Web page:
What is an Indigenous Protected and Conserved Area (IPCA)?
“IPCA are places that Indigenous Nations identify for conservation. These lands help sustain communities and the health of the world. IPCAs are often designated through Indigenous law, then through partnerships with Crown governments. These are Nation-to-Nation agreements in which each party outlines roles and responsibilities. IPCAs may be co-designated as national parks or national wildlife areas, but Indigenous Nations are always co-creators.”
Three core principles shared by IPCAs:
• They are Indigenous led
• They represent a long-term commitment to conservation
• They elevate Indigenous rights and responsibilities
Shawanaga First Nation (SFN) has been identified as an IPCA caretaker and has been approved for a Federal grant of up to $1 million for the four year project, which will run until March 31st, 2023. “This project is a critical step to conserving the biodiversity of the area and protecting its cultural heritage,” read the announcement from SFN. Shawanaga Island is located within the traditional territory of Shawanaga First Nation. The proposed Shawanaga Island Indigenous Protected and Conserved Area consists of approximately 1,020 hectares of assumed Crown (Treaty) land plus inland waters, coastline and nearshore waters. “This project will establish an Indigenous Protected and Conserved Area that recognizes our rights and responsibilities as caretakers of our traditional lands and waters.”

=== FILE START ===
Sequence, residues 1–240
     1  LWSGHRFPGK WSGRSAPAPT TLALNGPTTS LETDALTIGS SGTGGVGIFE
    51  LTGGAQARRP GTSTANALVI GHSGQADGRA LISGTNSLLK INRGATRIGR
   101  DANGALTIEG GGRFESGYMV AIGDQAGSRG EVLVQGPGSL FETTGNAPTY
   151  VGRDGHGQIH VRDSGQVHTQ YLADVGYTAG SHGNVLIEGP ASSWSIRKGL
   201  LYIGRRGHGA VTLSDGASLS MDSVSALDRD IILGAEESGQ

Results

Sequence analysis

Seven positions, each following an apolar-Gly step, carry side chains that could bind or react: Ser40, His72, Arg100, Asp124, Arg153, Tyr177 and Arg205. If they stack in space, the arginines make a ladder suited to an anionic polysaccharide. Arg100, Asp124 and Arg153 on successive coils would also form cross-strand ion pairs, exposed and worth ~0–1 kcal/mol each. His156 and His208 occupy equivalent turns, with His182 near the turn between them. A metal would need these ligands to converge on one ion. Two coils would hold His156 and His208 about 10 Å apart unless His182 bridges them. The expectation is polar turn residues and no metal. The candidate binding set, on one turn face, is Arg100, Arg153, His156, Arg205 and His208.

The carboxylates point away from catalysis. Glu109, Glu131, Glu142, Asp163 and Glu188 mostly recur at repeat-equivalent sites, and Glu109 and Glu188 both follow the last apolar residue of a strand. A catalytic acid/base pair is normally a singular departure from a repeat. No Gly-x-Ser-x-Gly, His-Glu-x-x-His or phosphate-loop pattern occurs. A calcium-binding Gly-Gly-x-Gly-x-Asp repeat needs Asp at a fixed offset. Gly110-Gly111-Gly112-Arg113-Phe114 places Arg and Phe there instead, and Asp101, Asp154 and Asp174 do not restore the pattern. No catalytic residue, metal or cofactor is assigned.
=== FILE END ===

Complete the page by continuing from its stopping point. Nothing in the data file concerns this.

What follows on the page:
The creation of the area is a collaboration between SFN and both the provincial and federal governments. Band manager Adam Good said that SFN was “extremely excited” to do their part to help prevent climate change and protect at-risk species with the project.
“The Shawanaga Island Indigenous Protected and Conserved Area project will redefine the relationship between our people and our non-Indigenous neighbours in the Georgian Bay region,” read the announcement.
According to SFN, the project will do the following:
• Allow Shawanaga First Nation to assert our rights and responsibilities as caretakers of our traditional lands and waters.
• Conserve cultural keystone species and protect food security.
• Grow understanding of and respect for our language, knowledge systems, protocols and ceremony.
• Support the development of conservation economies in the areas of ecotourism and environmental monitoring.